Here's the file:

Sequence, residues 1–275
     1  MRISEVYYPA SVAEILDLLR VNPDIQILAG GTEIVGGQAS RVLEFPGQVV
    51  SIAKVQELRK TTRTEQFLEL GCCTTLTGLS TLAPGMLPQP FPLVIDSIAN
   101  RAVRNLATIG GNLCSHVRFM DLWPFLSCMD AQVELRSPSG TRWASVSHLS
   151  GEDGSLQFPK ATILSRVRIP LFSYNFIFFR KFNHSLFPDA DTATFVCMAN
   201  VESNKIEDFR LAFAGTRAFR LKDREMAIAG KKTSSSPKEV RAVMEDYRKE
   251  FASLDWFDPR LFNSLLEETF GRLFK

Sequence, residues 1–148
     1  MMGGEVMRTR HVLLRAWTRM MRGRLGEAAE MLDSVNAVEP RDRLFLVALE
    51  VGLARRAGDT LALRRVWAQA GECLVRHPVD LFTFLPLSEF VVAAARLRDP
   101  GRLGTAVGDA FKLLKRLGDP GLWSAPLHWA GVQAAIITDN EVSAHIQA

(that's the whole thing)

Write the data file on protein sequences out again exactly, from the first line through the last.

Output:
Sequence, residues 1–275
     1  MRISEVYYPA SVAEILDLLR VNPDIQILAG GTEIVGGQAS RVLEFPGQVV
    51  SIAKVQELRK TTRTEQFLEL GCCTTLTGLS TLAPGMLPQP FPLVIDSIAN
   101  RAVRNLATIG GNLCSHVRFM DLWPFLSCMD AQVELRSPSG TRWASVSHLS
   151  GEDGSLQFPK ATILSRVRIP LFSYNFIFFR KFNHSLFPDA DTATFVCMAN
   201  VESNKIEDFR LAFAGTRAFR LKDREMAIAG KKTSSSPKEV RAVMEDYRKE
   251  FASLDWFDPR LFNSLLEETF GRLFK

Sequence, residues 1–148
     1  MMGGEVMRTR HVLLRAWTRM MRGRLGEAAE MLDSVNAVEP RDRLFLVALE
    51  VGLARRAGDT LALRRVWAQA GECLVRHPVD LFTFLPLSEF VVAAARLRDP
   101  GRLGTAVGDA FKLLKRLGDP GLWSAPLHWA GVQAAIITDN EVSAHIQA